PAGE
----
Then I felt terrified.

I had no idea what to do if I was done. What came next? I’m a full time pastor with two young children. I can’t just quit without something to replace ministry—that would be foolish. Then I started spinning. What if the voice was just a made up figment of my imagination? What if I misunderstood the message? What if G-d was wrong? For about a week I told no one. In fact, I hid the revelation from myself pretty consciously. I had no idea how to act on what was given to me, so I rendered it obsolete. That’s where I went wrong. God didn’t tell me what to do. God didn’t give me directions. I got assurance and permission. But that wasn’t enough for me because it didn’t translate to action. I figured if God was talking, it had to lead me to direct behavior or life-style change, and I didn’t have a clue.

In a session a few months later, I reluctantly shared with my therapist what I’d heard that February morning and how much it vexed me. She lovingly asked me how hiding from God’s truth was working out for me. Truthfully everything had started feeling too small. I wasn’t experiencing much joy in ministry. Little things annoyed me. My spiritual reserves were coming up dry in preaching and pastoral care. I knew my time was done because I could feel it, not on paper, but in my soul. But I still didn’t have a way forward and risking leaving without a landing place felt inherently reckless. “Well, at least I have a paycheck” I said back to her. She prodded me on that. “And that’s what you’re all about, huh?” I knew what she was getting at. “But how can I leave, in good faith, without having my next thing in place, especially given my kids?” I asked. “You can trust what you’ve been given and signal to the universe that you’re open or you can continue denying the truth.” She made it sound so simple. Did I listen? No.

It took me a few more months and a whole lot more suffering to fathom that faith over fear might be the best bet. One day, after receiving lots of support from people who love me (amidst lots of tears) and in discernment with Tom Ott, I finally said it outl oud and owned my truth. I decided on a resignation date. I made the declaration public. I hoped graduate school would come through as an option (and it has.) Other things have come through too: a local project beyond my wildest dreams, facilitation gigs with two agencies I work for nationally, and a paid writing post. My God! I couldn’t have dreamed a better future for myself.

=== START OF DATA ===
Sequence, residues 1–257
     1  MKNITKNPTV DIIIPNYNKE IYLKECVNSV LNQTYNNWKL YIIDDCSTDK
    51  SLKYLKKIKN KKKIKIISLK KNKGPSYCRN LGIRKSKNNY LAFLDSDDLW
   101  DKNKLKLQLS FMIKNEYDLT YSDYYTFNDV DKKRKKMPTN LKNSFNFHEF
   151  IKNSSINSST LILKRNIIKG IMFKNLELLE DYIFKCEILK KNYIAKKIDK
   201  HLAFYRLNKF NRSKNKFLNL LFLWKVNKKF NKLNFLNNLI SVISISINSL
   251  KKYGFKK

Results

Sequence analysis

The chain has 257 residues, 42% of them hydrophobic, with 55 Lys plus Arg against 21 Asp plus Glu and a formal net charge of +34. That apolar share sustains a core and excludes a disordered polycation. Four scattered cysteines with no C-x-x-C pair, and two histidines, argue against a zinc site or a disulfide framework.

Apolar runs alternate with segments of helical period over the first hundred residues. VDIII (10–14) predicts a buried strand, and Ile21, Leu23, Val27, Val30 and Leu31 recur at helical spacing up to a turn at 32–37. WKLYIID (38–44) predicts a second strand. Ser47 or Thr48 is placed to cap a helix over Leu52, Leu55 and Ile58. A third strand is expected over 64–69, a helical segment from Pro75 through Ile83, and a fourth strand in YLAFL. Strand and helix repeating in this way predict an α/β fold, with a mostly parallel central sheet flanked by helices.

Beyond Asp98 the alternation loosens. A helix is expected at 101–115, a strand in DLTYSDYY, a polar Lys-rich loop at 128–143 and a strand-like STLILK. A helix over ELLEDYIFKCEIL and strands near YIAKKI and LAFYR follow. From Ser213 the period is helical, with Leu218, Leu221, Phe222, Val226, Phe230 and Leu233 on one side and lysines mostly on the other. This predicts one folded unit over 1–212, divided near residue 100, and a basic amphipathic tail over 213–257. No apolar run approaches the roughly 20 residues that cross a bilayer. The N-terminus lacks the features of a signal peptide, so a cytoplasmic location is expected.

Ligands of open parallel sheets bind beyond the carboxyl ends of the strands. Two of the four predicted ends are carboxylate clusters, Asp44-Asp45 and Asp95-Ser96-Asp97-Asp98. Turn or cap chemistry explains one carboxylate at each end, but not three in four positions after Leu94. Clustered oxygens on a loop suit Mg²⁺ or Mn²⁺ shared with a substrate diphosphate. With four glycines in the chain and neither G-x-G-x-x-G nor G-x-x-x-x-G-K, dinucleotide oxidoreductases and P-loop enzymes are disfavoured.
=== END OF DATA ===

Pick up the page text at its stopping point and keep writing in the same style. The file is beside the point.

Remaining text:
That’s the point.

For now we see in a mirror, dimly. We don’t know the future. But God does and I maintain God is way smarter than we are, holding the infinite possibilities for a variety of futures in Her loving, poetic heart. We only know what we are given in this moment. What I’ve learned this spring and summer is what we are given in this moment is enough. Choosing to believe the truth of what I was given and acting in faith made all the difference.

I have a certain confidence that if we all take exactly what we are given in Revision, believe the truth of it and act in faith, the future of FCC will be beyond what any of us can even imagine. May it be so. Amen.

Pastor Tom Ott--November/December Congregationalist

Lately I’ve been going through something of a spiritual slump.  I’ve continued my daily prayer practices as usual, but they haven’t been leading me to any profound spiritual awakenings for some time. I don’t feel my heart stirring with inspiration or a compelling vision of where God is leading me at this moment in my life. I’m just sort of in a holding pattern. 

I suspect I’ve needed some time to process some of the significant losses I’ve experienced in my life lately. Several people who have been important to my own spiritual life have either died or left or are close to death or soon to be leaving.  Sometimes we just have to stand still for a while until the weightiness of our grief subsides and we have the spiritual energy to move forward in faith again.

What has been particularly meaningful to me during my current spiritual slump is the inspiration I’ve found from the rest of you. This faith community has sustained and inspired me when I’ve had little inspiration to offer.

Truthfully, I was dreading the Under This Roof campaign to raise money for replacing the sanctuary roof. After finally paying off the mortgage from the huge renovation project we undertook nearly 16 years ago, I wasn’t feeling confident about our ability to raise the $120,000 we needed to replace the roof and repair the plaster. 

But the week after our One Body worship service when the Administration Team gathered to write thank you notes, I was elated to learn that we had already exceeded our project goal in three year pledges.

I know it is just a building, but your commitment to preserve this beautiful house of worship for future generations was inspiring to me. Thank you for helping to restore my confidence in our church.

As I’ve struggled with my own lack of a clear and compelling vision of where I see God leading our faith community, I’ve been deeply inspired by your willingness to enter into the ReVision communal discernment process. That is inspiring to me.  People involved in worship planning both on Sunday mornings and Wednesday evenings have been exploring the essential elements of spiritual discernment and are helping build our church’s capacity for the work of discerning God’s intended future. That is inspiring to me.
Lately, I’ve been holding the verse, “My grace is sufficient for you” from 2 Corinthians 12:9.  It has become a powerful word for me. It reminds me that I’m not the one who carries sole (soul) responsibility for the future of our church. It isn’t all on my shoulders and it doesn’t all depend on my insight and vision.

God’s grace is sufficient for me, for you, and for everyone. Sometimes I need to be surrounded by an amazing community of faithful people in order to remember that one foundational truth.